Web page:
Just this month, he was named PFA player of the year
, and Egyptian Twitter danced deep into the night. Coming on the heels of an “election” dubbed farcical
by The Washington Post
, The New Yorker
and The Economist
, to name but a few, Salah’s sensational season, and a rare appearance by Egypt in the World Cup have been a necessary respite for a disillusioned citizenry.
But if Salah brings joy to the millions, leave it to Egyptian President Abdel Fattah el-Sisi to bring sorrow.
When a man installs his son as the leader of the agency that chooses
the Egyptian political elite, one must recognise intent. Sisi is tilting the playing field on three fronts: Judicial, executive and legislative.
This comes as no surprise, from a man intent on taking a nation from a republic to a de facto kingdom.
on freedom of speech is well documented. But when an autocrat is killing your right to converse, it is time to start a new conversation. This necessary conversation is one for which Sisi has much contempt – he famously told the nation
“I am speaking in all seriousness, don’t listen to anybody’s words but me.”
The time has come for Egyptians to speak to one another.
The electoral charade of March 26
holds the key to understanding the potential for dissent. Most saw a two-man ‘race’ between Sisi and unknown Mousa Moustafa Mousa (who had himself endorsed Sisi). While many Egyptians added Salah’s name
to their ballot paper, there was another, invisible candidate: The protest vote.
Egypt may be suffering from political anaemia, but a look at the large numbers of Egyptians who spoiled their votes tells us there is no lack of opposition. When fear and political inertia are factored in, dissent among Egyptians is actually far greater than the 1,762,231
ballots spoiled in the vote.
The arrests of Ahmed Konswa, Ahmed Shafiq, Sami Anan, and Dr Moneim Abou el-Fotooh – all former presidential candidates – as well as Hisham Abou Genina, Egypt’s former chief auditor, indicate a stubborn insistence on closure of any kind of democratic process by Sisi and the gang.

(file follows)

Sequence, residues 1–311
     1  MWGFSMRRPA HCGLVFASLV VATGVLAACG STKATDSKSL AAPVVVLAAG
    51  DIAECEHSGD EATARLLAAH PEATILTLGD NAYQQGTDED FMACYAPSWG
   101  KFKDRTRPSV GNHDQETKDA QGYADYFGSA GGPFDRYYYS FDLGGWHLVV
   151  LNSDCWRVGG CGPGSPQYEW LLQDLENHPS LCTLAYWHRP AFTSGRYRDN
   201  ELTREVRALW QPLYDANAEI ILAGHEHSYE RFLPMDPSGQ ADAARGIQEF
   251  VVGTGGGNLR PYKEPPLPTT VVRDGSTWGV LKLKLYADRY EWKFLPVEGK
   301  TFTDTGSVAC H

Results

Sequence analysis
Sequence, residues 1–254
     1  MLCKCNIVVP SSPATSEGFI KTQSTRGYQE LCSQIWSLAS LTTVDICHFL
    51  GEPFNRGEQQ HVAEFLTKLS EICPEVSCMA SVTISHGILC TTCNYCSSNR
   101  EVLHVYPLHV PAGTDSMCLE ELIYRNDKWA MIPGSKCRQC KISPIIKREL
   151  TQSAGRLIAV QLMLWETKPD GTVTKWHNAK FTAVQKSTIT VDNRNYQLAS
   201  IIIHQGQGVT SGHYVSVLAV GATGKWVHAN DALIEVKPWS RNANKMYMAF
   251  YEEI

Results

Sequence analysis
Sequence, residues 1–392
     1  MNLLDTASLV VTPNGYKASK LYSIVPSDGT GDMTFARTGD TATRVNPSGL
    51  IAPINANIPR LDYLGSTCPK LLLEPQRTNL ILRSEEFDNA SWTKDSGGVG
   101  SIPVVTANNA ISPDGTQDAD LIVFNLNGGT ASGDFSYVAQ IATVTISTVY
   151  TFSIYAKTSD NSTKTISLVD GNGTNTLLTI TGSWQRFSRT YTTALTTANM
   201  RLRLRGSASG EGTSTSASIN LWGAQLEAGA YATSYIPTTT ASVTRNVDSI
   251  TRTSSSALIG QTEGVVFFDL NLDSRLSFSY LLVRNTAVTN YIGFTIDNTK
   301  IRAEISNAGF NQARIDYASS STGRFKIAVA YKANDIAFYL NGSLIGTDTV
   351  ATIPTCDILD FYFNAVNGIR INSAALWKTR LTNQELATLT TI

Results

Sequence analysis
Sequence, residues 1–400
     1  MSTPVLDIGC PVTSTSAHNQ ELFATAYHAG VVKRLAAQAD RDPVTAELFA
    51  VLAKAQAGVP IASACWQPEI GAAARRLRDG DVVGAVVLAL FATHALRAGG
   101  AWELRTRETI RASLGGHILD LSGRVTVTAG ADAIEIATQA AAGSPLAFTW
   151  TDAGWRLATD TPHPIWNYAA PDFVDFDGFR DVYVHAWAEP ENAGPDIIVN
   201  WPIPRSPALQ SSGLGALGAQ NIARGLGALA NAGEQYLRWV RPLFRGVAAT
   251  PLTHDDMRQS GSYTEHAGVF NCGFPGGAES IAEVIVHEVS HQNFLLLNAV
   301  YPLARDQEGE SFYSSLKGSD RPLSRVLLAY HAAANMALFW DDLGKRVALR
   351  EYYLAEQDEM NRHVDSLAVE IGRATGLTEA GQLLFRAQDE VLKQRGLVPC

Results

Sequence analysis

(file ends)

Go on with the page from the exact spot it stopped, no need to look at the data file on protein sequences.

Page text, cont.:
||Sisi is tilting the playing field on three fronts: Judicial, executive and legislative
But how do you build a political dialogue which accurately reflects the hopes and concerns of those who oppose the status quo in this authoritarian context? The task is a risky one.
The “state has long been undermining secular parties with assiduous campaigns to discredit, co-opt, corrupt, or internally divide them”, as the Carnegie Endowment for International Peace, points out
Read more: A cabinet of kleptocracy in Sisi’s pseudo-parliament
This state of affairs leads us to look outside the box. To defy a muscular opponent who controls information and its dissemination through numerous propaganda outlets, our political gaze should shift to an avenue with (relatively) restricted government oversight.
That place is the internet.
There is no doubt the government is scrambling to place controls on the internet, and 2017 in particular, we in Egypt witnessed an attack on net freedom with more than 400 news websites (including The New Arab
) blocked – resulting in a “not free” designation by Freedom House
In addition, a 2015 anti-terrorism law and a cyber-crime law
currently under consideration may make it even easier to criminalise internet-based political activism. Nonetheless, it remains a safer option than street protest in a country which houses more than 60,000
in Sisi’s jails for their political opinions.
With large numbers of angry civilians, we arrive at three fundamental questions: The how (to organise), the who (should lead), and the what (is the agenda)?
Answers are as difficult as Egypt is complex.
Ask analysts and laymen alike about Egyptian opposition and the sneer comes back: What opposition?
Challenging the military regime is impossible without unity. While common goals have, historically, made for strange bedfellows in politics, unlikely alliances in some form may well be necessary in the future.